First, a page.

The 'Sioux Chef' Is On A Quest To Recover America's First Cuisine
The food we grow up with is part of what makes us whole. Cuisine is an inextricable piece of identity, no matter where you hail from. What’s the first thing that comes to mind when you think Russia? Vodka and caviar, right? Italy? Pizza or pasta with vino? Germany? Brats, beer, and pretzels? Try to think about France and not conjure images of food or drink.
Numerous studies (and an endless stream of travel/food shows) tell us that our pride and confidence in who we are is deeply rooted in the food we cook, share, and pass down. Food instructs habits, rituals, religion, and even the way our brains function. Saying you’re Sicilian carries as much culinary weight as saying you’re kosher or halal. These become vital clues, windows into our what makes us us.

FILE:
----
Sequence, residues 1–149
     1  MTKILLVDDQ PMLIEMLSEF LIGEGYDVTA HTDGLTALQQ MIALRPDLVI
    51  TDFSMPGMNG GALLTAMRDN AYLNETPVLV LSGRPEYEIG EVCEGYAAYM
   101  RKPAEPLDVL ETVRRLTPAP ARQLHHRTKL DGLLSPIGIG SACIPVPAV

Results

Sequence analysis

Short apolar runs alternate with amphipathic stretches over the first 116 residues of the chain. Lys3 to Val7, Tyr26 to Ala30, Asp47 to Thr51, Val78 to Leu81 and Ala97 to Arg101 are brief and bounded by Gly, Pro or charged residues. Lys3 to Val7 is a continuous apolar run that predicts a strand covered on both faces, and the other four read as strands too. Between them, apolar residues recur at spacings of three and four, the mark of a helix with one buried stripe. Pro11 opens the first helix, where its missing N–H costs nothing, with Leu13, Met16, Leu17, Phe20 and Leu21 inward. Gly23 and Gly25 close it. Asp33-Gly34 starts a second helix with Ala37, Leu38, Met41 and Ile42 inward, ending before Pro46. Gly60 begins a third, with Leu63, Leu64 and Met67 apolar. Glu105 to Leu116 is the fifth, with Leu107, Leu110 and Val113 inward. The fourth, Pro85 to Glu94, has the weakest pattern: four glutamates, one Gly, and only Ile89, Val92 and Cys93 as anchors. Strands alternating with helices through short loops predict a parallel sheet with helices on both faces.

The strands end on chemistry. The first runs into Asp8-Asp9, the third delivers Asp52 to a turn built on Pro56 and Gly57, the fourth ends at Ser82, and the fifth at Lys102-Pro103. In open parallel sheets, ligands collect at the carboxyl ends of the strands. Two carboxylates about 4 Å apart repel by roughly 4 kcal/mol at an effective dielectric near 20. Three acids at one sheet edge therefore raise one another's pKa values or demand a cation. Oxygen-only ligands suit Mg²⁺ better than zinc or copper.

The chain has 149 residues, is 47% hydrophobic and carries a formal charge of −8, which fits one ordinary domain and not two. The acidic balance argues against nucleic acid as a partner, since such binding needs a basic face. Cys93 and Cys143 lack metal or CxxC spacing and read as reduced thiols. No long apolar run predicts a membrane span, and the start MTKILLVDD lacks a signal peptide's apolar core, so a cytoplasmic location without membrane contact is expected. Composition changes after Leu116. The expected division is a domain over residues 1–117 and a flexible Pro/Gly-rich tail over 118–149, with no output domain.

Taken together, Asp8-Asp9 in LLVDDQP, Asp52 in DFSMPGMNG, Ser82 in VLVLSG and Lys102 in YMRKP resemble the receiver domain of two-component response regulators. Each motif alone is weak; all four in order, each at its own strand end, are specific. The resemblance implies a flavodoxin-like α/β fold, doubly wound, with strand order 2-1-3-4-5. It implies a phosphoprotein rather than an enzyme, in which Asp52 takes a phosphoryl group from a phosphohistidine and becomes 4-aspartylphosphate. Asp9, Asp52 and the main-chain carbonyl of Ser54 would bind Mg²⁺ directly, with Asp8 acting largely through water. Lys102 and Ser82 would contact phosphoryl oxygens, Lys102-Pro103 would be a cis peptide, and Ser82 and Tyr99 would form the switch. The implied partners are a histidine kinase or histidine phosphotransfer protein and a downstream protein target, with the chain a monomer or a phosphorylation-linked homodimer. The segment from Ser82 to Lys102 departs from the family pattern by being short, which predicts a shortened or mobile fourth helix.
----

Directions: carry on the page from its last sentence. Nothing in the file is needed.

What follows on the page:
Consider the food you connect with on a cultural level — not just based on flavor, but based on your own unique history. Now, imagine that it was gone. Scrubbed from the earth and replaced with “comfort foods” that offer no real comfort. Empty calories, devoid of connection. This is the plight of Native American and First Nations people throughout the U.S. and Canada. Hundreds of cultures scattered across what is left of their homelands, raising families completely dislocated from their traditional foodways.